We came home to St. George in May, 1984 and sold our truck. We got another job driving for "James Andrus Trucking" out of Mesquite, Nevada. I stayed home, took the money to the credit union and paid off the loan. I also got the deed and Mama, Daddy and I went to a lawyer and had the lot legally divided into two lots, with separate deeds for each lot.
Daddy was anxious to go to Alton for the summer that year, even though this new house had a heat pump (not like a swamp cooler) which kept it cool in the summer. He told Mama that if she wasn't ready to take him, he was going to drive himself.
On June 7, 1984 they got word that a piece of land had been sold, and they needed to go to Kanab and pick up the money, so they left for Kanab and Alton. Richard got home that day and signed the deed papers and we had them recorded with the title company. All was now in order and Mama didn't have to worry any more. Her home was on her own land.
On June 9, 1984 Mama and Karen, her daughter-in-law went to Cedar City to get some things Karen needed for her daughters wedding. Shannon was getting ready to marry Cary Chamberlain on June 29, 1984. While they were gone, Daddy felt good enough to water the garden. He loved it there in Alton.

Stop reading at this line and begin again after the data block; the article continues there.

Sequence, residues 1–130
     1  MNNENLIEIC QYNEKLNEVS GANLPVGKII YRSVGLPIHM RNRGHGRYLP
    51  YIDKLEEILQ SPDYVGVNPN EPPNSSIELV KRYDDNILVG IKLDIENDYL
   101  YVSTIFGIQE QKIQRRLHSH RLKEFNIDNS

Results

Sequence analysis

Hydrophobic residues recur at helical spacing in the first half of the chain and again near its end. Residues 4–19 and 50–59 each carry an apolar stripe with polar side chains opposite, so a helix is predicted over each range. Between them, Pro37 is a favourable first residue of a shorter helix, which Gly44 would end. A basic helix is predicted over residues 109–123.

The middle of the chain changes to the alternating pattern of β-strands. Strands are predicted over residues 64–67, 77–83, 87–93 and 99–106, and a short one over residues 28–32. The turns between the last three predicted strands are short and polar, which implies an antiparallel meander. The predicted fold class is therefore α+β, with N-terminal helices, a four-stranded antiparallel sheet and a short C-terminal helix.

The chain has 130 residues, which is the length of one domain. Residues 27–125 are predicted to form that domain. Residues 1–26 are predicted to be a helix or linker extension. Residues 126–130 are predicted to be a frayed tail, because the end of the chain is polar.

The next day, Sunday June 10, 1984 Daddy got up and took his bath. They ate breakfast together and he went to feed the calves some grain. He passed away in the sheep pen that morning. Ray and Melba had been married 57 years on the 1st of June. He would have been 80 years old on July 18th if he had lived.
This was a very bad day for Mama. Delbert, Karen, Richard and I all made it up to Alton that afternoon. It was the neighbor, Albert, who had found him as everyone else had gone to church.
We all went with Mama to Kanab to get things ready for the funeral and all the family came home. It was a large crowd, as Mama and Daddy were special people and had many friends plus family.
I stayed with Mama most of the summer. We would go back to St. George and then up to Alton. She felt that Daddy didn't have any time to enjoy his new home; but I believe he was ready to go, now that he had a nice place for Mama to live.
Mama kept busy at home. We put a brick wall around the two houses, landscaped the yard with grass, trees and scrubs, and moved all the roses from the front house to the flower gardens in the back. Everything looked very beautiful.
Mama sold Daddy's pickup and her car then went to Las Vegas, Nevada where Robert helped buy a nice station wagon for her. She really enjoyed that car. She could take everything she wanted when she went to Alton, and also take her friends around St. George. It had four doors and two seats.